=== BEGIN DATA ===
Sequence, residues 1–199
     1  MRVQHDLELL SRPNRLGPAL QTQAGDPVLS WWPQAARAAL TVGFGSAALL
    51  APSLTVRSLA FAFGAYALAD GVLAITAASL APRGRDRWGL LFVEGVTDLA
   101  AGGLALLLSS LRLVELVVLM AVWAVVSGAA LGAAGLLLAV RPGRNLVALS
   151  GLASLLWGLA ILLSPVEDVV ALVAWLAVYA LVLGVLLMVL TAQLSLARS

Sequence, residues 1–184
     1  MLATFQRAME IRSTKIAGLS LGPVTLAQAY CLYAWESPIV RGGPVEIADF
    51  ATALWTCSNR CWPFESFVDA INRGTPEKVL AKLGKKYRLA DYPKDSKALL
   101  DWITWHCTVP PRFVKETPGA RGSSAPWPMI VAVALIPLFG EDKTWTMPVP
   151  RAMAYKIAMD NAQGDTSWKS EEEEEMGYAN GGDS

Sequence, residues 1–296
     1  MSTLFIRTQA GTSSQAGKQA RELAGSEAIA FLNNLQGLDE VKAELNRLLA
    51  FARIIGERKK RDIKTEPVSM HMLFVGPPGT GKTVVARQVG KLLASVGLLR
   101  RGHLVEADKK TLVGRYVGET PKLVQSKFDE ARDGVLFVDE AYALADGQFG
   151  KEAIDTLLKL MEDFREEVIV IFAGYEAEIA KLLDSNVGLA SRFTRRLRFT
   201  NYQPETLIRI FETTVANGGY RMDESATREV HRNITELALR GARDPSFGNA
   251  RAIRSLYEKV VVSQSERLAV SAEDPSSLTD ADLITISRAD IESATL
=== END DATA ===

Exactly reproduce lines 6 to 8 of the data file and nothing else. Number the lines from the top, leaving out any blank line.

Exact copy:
Sequence, residues 1–184
     1  MLATFQRAME IRSTKIAGLS LGPVTLAQAY CLYAWESPIV RGGPVEIADF
    51  ATALWTCSNR CWPFESFVDA INRGTPEKVL AKLGKKYRLA DYPKDSKALL